Antioxidant / Fatty Acid Composition / Leaves and Fruits: Study evaluated the antioxidant capacity of methanolic extracts and fatty acid composition of leaves and fruits of S. glutinosa. Results showed an IC50 of 28.2 g/mL for the leaf extract, and 10 µg µg/mL for the fruit extract by DPPH method. The fruit extract showed highest anti-radical effect while the leaf extract showed highest effect against lipid peroxidation. On GC analysis, the major fatty acid was linoleic and oleic acids, 0.5% for both. (12)
Invention / Acari Control / Combination with Avermectins / Leaves: Invention reports on the application of a natural material derived from Swinglea glutinosa leaves in combination with avermectins which increases the effect of avermectins over mites. Results suggest an all natural material with potential to replace avermectin combinations with synthetic pyrethroids. (13)
• Acridone Alkaloids / Effects on Photosynthesis: In a search for herbicide models, study investigated the mechanisms of action of five alkaloids isolated from S. glutinosa viz., citrusinine (1), glycocitrine-IV (2), 1,3,5-trihydroxy-10--methyl-2,8-bis(3-methylbut-2-en--1-yl)-9(10H)-acridone (3),  (2R)-2-tert-butyl-3,10-dihydro-4,9-dihydroxy-11-methoxy-10-methylfuro[3,2-b]acridin-5(2H)-one (4), and (3R)-2,3,4,7-tetrahydro-3,5,8-trihydroxy-6-methoxy-2,2,7-trimethyl-12H-pyrano[2,3-a]acridin-12-one (5). The compounds inhibited the non-cyclic electron transport in the basal, phosphorylating, and uncoupled conditions fro H2O to methylviologen, therefore acting as Hill reaction inhibitors. (14)
• Production of Leaf Extract: This invention provides a standardized method to obtain an extract from the leaves of Swinglea glutinosa with a yield of 60% of weight of leaves. Study also presents use of the extract as fungicide, mite and insect repellent. (15)
• Larvicidal / Insecticidal Against Aedes aegypti / Mixtures of Essential Oil: Study evaluated the larvicidal activity of essential oils from ten herbal medicinal plants, including Swinglea glutinosa. All EOs showed larvicidal activity with LC50s lower than 115 mg/L. Some EO mixtures showed lower LC50 than oils used individually, such as mixtures of Lippia origanoides + S. glutinosa (LC50 38.40 mg/L), Turnera diffusa + S. glutinosa (LC50 63.71 mg/L), Lippia alba + S. glutinosa (LC50 48.87 mg/L). The main compounds of EOs with highest larvicidal activity were thymol (42%) and p-cymene (26.4%). (18)
• Acridone Alkaloids as Potent Inhibitors of Cathepsin V: Cathepsin V is a lysosomal cysteine peptidase highly expressed in thymus, testis, and corneal epithelium. Eleven acridone alkaloids were isolated from S. glutinosa, eight of them identified as potent and reversible inhibitors of cathepsin V with IC50 values ranging from 1.2 to 3.9 µM. (19)

- Wild-crafted.
- As botanical fungicide in the cybermarket.

Updated December 2018 / June 2016

IMAGE SOURCE: LEAVES / PHOTO / Swinglea glutinosa, Aegle decandra, Limonia glutinosa / click on image to go to source page / TOPTropicals
OTHER IMAGE SOURCE: Swinglea glutinosa / Tabog / Artist:Passmore, Deborah Griscom, 1840-1911 Year:1909 / USDA Pomological Watercolor Collection
OTHER IMAGE SOURCE: Public Domain / File:Swinglea glutinosa Blanco1.124-original.png / Flora de Filipinas / 1880 - 1883 / Francisco Manuel Blanco (O.S.A) / Wikimedia Commons

Additional Sources and Suggested Readings
The essential oil of Achyrocline alata and Swinglea glutinosa have potent antitubucular activity (
Anti-tubercular activity of eleven aromatic and medicinal plants occurring in Colombia) / Juan Gabriel Bueno-Sánchez, Jairo René Martínez-Morales, Elena E. Stashenko, Wellman Ribón / Biomedica, Jan-Mar 2009; 29(1): pp 51-60 / PMID: 19753839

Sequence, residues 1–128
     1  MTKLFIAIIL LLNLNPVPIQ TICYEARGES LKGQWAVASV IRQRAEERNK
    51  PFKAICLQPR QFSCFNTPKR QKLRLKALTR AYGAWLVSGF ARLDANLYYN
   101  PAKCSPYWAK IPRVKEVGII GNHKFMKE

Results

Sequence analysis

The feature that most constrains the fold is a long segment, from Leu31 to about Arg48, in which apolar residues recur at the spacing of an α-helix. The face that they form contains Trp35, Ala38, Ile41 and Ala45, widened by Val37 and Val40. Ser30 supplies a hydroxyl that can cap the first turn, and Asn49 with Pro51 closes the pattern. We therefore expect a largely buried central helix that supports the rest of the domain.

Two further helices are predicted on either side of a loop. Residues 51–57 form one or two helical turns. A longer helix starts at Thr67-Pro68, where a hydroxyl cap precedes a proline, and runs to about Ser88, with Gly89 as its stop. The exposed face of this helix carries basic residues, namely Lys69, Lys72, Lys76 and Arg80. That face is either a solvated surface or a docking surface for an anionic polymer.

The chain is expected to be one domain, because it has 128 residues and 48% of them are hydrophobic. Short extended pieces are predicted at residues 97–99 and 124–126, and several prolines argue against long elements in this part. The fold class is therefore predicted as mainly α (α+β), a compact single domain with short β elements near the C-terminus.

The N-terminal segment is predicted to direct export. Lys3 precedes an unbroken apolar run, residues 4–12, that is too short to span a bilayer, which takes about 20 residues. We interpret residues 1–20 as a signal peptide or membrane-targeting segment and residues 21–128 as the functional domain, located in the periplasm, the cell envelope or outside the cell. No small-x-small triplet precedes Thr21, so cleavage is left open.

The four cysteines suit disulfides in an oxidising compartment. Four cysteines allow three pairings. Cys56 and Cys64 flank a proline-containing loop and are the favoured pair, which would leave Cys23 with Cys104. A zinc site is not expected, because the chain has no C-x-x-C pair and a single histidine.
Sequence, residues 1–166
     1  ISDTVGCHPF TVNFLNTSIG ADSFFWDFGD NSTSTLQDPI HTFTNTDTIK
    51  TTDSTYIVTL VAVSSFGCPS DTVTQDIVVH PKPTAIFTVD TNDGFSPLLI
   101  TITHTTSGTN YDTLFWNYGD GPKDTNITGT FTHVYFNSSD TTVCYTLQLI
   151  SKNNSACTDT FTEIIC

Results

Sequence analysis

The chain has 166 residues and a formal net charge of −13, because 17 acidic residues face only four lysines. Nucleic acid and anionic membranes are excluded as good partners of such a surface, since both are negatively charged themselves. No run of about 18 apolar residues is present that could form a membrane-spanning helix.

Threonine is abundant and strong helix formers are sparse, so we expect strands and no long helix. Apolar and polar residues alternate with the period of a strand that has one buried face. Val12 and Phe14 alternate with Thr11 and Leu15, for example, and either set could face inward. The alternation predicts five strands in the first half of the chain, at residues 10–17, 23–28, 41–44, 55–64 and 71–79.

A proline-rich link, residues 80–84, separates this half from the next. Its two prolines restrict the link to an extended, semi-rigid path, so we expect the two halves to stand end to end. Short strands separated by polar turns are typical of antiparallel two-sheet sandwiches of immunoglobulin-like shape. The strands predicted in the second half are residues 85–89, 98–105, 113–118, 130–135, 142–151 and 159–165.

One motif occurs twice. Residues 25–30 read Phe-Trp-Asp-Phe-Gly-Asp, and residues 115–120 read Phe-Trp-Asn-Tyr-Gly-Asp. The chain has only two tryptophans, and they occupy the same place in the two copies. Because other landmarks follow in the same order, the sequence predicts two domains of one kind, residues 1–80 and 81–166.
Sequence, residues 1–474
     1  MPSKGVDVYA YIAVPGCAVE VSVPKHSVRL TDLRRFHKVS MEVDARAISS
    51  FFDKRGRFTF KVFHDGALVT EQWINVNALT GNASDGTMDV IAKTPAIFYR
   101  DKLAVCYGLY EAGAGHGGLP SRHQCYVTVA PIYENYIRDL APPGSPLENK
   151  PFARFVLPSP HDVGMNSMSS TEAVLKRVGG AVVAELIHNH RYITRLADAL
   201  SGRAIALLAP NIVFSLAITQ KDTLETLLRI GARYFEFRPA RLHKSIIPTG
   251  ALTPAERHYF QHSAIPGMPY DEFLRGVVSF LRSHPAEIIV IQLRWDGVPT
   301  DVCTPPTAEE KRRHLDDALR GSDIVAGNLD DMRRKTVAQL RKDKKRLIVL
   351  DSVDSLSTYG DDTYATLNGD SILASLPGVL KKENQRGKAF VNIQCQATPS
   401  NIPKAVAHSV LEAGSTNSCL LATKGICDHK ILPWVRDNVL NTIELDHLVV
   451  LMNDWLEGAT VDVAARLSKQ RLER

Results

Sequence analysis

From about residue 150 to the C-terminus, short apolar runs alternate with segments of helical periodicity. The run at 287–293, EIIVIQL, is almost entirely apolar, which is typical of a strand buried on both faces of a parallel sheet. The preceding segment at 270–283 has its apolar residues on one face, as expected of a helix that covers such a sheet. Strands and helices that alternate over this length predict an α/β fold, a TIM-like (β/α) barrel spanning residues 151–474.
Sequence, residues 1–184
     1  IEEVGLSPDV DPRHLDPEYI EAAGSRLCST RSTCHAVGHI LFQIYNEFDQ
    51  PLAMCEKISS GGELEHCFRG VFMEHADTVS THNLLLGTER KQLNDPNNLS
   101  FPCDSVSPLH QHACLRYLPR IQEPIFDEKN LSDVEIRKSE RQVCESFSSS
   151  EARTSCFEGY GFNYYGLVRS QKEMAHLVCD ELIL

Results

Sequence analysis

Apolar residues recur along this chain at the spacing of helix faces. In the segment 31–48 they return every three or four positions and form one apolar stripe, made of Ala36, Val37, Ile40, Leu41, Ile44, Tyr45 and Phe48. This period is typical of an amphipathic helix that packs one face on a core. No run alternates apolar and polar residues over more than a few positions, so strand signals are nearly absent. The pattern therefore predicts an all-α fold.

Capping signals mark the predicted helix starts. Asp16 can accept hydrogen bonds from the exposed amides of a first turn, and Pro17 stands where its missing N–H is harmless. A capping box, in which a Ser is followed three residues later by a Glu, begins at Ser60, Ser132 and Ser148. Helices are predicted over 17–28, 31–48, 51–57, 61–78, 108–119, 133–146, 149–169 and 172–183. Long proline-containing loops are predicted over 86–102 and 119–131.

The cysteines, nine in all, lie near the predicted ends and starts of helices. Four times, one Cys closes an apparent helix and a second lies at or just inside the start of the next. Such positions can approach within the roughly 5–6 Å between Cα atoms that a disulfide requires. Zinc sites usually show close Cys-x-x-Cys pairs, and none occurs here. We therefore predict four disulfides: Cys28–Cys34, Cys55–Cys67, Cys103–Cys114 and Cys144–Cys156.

Bioactive Acridone Alkaloids from Swinglea glutinosa / Bernard Weniger, Byung-Hun Um, Alexis Valentin, Aydee Estrada et al / J. Nat. Prod., 2001, 64 (9), pp 1221–1223 / DOI: 10.1021/np0005762
Antiparasitic activities of acridone alkaloids from Swinglea glutinosa (Bl.) Merr. / Djalma A O dos Santos, Paulo Vieira et al /
J. Braz. Chem. Soc., 2009; 20(4) / doi: 10.1590/S0103-50532009000400008
In vitro activities of acridone alkaloids against Pneumocystis carinii / S F Queener, H Fujioka et al / Antimicrob Agents Chemother. 1991 February; 35(2): 377–379.
In vitro cytotoxicity activity on several cancer cell lines of acridone alkaloids and N phenylethyl benzamide derivatives from Swinglea glutinosa (Bl.) Merr. / Braga, P A C;Dos Santos, D A P;Da Silva, M F D G F;Vieira, P C;Fernandes, J B;Houghton, P J;Fang, R / Natural product research 2007
Swinglea glutinosa / Synonyms / The Plant List
Bioactive Acridone Alkaloids from Swinglea glutinosa / Bernard Weniger, Byung-Hun Um, Alexis Valentin, Aydee Estrada, Annelise Lobstein, Robert Anton, Michèle Maillé, and Michel Sauvain / J. Nat. Prod., 2001, 64 (9), pp 1221–1223 / DOI: 10.1021/np0005762

Repellent and Anti-quorum Sensing Activity of Six Aromatic Plants Occurring in Colombia / Leonor Cervantes-Ceballos, Karina Caballero-Gallardo, Jesus Olivero-Verber / Natural Products Communications
Acridone alkaloids as potent inhibitors of cathepsin V. / Severino RP, Guido RV, Marques EF, Brömme D, da Silva MF, Fernandes JB, Andricopulo AD, Vieira PC / Bioorganic & Medicinal Chemistry, 2011, 19(4):1477-1481 / DOI: 10.1016/j.bmc.2010.12.056
PNA-27: ANTIOXIDANT CAPACITY AND FATTY ACID PROFILE OF Swinglea glutinosa (BLANCO) MERR, CULTIVATED IN CUBA / Goya E, Jorge E, Saucedo Y, Vander Heyden Y, Le Thi Cam Tú / J Pharm Pharmacogn Res 3(suppl. 1): S119, 2015
Acridone Alkaloids from Swinglea glutinosa (Rutaceae) and Their Effects on Photosynthesis / Pedo H Arato Ferreira, Dialma Santos, Maria Ftma das G F da Silva et aal / Chemistry & Biodiversity, anuary 2016; 13(1) / DOI: 10.1002/cbdv.201500046
Analysis of essential oils isolated by steam distillation from Swinglea glutinosa fruits and leaves / Elena Stashenko, Jairo Rene Martinez, Jose Domingo Mediine and Diego Camilo Duran / Journal of Essential Oil Research, 2015; 27(4) / https://doi.org/10.1080/10412905.2015.1045087
EcoSwing / Gowan USA / Greenhouse Management
Evaluation of the insecticidal activity of essential oils and their mixtures against Aedes aegypti (Diptera: Culicidae) / Natalia Ríos, Elena E. Stashenko, Jonny E. Duque / Entomlogia: Brazilian Journal of Entomology, Oct-Dec 2017; 61(4): pp 271-370 / DOI: 10.1016/j.rbe.2017.08.005
Acridone alkaloids as potent inhibitors of cathepsin V. /

It is not uncommon for links on studies/sources to change. Copying and pasting the information on the search window or using the DOI (if available) will often redirect to the new link page.